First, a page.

Monday, January 21, 2013

Ho'oponopono Meets Our Lady of Guadalupe

Our Lady of Guadalupe -- in January
Happy New Year, everyone -- especially on this day marking both Martin Luther King's birthday and President Barack Obama's second inauguration.  For me, it's a day of both freedom and peace. 

Maybe all days can have those qualities, if we look carefully.  Still, this one feels special to me somehow.

Some of you may have heard about the several nights of below-freezing weather we recently had in the Phoenix area.  I know many of you live where there's snow on the ground -- but central Arizona is not that place.  We're in the desert, with saguaro cacti and wildflowers galore.  January is usually when others want to visit us -- golf tournaments, horse shows, fancy car auctions -- all in the Valley of the Sun. 


Once the weather predictions came through, people were frantic to protect their plants and outside water pipes.  Nurseries ran out of garden cloth.  Those of us who were slow to alert had to rely on our wits.  The neighborhood became a cacophany of bed sheets, light blankets, and anything our imaginations could muster.

One home's saguaro sported what looked like long red underwear -- on its top!

I rounded up every light fluffy covering I could find, tucked everybody in, and hoped for the best.  It was 5 nights in a row of high 20's -- brrrr!  The days were a little better, in the 40's.  Plumbers were busy all over the Valley, repairing frozen, burst water pipes.

And in my yard, those plants coverings didn't come off until this morning.

I had been worried about the little rose bush I planted last year -- it's called "Our Lady of Guadalupe."  Those of you who've attended a Ho'oponopono training know that "Our Lady of Guadalupe" is also the Identity (or Patron Saint) of Mexico.  So it was perfect that it grow in my yard -- blending both the spirit of a nearby country with my love of Ho'oponopono, in a way.  

The plant's roses are a gentle pink with soft, sweet fragrance.  I have loved roses since childhood, when they grew beneath my window.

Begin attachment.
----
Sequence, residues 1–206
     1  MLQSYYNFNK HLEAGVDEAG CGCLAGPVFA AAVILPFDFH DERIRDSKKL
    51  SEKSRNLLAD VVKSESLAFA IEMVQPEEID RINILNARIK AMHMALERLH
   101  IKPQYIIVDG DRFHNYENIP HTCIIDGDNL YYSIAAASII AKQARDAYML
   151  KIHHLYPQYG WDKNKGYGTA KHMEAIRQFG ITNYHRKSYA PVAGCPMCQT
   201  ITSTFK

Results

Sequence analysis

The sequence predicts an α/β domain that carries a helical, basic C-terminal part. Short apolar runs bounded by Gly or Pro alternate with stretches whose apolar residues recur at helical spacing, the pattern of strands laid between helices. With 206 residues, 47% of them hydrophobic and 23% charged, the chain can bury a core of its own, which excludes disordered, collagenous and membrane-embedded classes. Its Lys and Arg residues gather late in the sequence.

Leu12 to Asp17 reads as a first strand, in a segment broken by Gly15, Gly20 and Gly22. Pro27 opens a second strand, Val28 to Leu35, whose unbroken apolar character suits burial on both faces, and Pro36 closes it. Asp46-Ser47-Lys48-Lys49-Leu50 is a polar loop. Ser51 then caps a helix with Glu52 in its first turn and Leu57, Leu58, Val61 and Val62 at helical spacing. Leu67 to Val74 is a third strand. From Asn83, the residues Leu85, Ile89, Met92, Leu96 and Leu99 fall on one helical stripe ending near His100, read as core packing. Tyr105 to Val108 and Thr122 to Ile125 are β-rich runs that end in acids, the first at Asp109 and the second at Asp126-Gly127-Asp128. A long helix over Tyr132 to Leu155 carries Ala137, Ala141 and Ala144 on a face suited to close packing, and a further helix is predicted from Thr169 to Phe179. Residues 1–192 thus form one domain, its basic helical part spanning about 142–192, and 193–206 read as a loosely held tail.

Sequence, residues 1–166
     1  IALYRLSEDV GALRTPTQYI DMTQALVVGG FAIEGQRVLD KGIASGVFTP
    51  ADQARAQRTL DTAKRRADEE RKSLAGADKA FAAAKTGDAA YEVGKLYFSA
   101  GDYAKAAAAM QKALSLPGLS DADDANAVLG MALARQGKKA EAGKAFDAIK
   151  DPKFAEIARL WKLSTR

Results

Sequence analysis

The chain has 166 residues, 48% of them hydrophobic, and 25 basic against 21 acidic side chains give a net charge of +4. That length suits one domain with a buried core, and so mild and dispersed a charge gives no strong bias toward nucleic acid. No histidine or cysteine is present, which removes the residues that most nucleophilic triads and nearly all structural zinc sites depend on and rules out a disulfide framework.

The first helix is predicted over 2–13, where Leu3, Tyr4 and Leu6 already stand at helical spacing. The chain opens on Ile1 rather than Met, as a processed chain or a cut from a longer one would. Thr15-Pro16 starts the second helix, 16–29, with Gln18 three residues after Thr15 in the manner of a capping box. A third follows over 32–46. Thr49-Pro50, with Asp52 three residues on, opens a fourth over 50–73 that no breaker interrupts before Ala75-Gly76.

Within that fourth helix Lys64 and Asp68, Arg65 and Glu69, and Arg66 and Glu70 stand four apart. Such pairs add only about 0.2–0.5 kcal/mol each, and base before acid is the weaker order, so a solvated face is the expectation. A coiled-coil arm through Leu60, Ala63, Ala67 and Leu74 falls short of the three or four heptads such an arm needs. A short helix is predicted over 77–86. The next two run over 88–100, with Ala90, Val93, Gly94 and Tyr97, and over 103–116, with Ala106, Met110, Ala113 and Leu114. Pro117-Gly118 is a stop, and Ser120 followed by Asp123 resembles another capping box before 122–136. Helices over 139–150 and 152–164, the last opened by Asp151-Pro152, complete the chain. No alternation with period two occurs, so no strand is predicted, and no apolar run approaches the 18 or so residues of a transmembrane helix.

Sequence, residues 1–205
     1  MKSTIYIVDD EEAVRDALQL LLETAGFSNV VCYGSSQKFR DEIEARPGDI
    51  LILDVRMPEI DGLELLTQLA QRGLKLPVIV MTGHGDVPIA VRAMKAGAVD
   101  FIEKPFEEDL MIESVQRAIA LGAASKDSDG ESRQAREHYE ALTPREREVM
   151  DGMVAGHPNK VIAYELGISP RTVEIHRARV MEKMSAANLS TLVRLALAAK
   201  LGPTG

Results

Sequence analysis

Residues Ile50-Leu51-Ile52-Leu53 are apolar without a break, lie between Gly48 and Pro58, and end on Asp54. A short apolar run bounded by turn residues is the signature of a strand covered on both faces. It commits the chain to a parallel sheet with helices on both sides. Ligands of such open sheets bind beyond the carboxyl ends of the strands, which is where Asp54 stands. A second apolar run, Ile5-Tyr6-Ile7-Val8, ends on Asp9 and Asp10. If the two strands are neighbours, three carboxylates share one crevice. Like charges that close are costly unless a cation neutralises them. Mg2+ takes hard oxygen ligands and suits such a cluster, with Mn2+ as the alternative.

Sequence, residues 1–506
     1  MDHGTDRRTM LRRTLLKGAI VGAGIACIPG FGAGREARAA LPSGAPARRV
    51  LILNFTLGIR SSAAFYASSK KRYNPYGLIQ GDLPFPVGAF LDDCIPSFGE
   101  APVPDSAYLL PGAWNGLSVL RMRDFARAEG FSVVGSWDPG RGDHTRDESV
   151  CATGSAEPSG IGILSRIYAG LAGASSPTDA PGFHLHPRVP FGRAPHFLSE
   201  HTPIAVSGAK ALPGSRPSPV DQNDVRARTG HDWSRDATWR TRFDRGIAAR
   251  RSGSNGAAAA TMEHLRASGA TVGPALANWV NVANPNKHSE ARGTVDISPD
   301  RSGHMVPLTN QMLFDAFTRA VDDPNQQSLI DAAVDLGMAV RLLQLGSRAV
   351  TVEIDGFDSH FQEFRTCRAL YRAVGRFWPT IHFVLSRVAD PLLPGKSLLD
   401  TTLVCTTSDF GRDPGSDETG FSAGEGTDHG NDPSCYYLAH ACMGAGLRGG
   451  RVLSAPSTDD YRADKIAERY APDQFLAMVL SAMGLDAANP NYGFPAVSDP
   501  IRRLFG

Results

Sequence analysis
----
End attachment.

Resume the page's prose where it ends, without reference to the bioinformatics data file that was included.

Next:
So now it was time to see what had happened to it -- in my yard where other things had died in the freeze.  Anxiously, I lifted the rose bush's covering . . . . and the above photo shows what was beneath.  Such a beautiful, welcome surprise! How those delicate flowers survived their temporarily arctic environment, I'll never know.  

I have to tell you also, they're an answer to a prayer. 

Even when we do our Ho'oponopono cleaning, we can forget that Divinity (or God, Spirit, Creator, or whatever other name you might want to use) is really with us, and has not forgotten us.  I have difficulty with that from time to time.  When not fully myself, I unconsciously feel that Divinity only cares for other people, and has left me here to struggle however I can. 


As Dr. Ihaleakala Hew Len teaches though, when we do our part (the cleaning) Divinity does Its part (the forgiveness and transmutation of data).   It can be no other way.  

So when my heart was in winter, I lifted the blanket and found sweet spring.  It was needed and welcome.

Our Lady of Guadalupe is a lady of peace. In the accompanying legend, the Virgin first appeared to an Indian commoner named Juan Diego -- and spoke to him in Nahuatl, his native language.  She asked him to tell the archbishop that she wanted a church built in her honor.  He tried twice and failed.


And then she produced a miracle.  She bade Juan Diego pick roses in a sterile spot where normally only desert plants could grow. Then she gathered the roses into the Indian's cloak, and told him to present both cloak and roses to the incredulous archbishop. When Juan Diego unfolded his cloak before the bishop, the image of the Virgin was miraculously stamped upon it. The bishop acknowledged the miracle, and ordered a shrine built where Mary had appeared to her humble servant. 

The spot is now a well-visited basilica.

My roses are not as grand as a basilica . . . but they're a reminder of the aloha present all around us and in us, when we're our true selves.  Thank you Dr. Hew Len, for your wisdom, teaching, and laughter.  Thank you also to Divinity, for my own little miracle in the desert today.

Peace begins with me,
Pam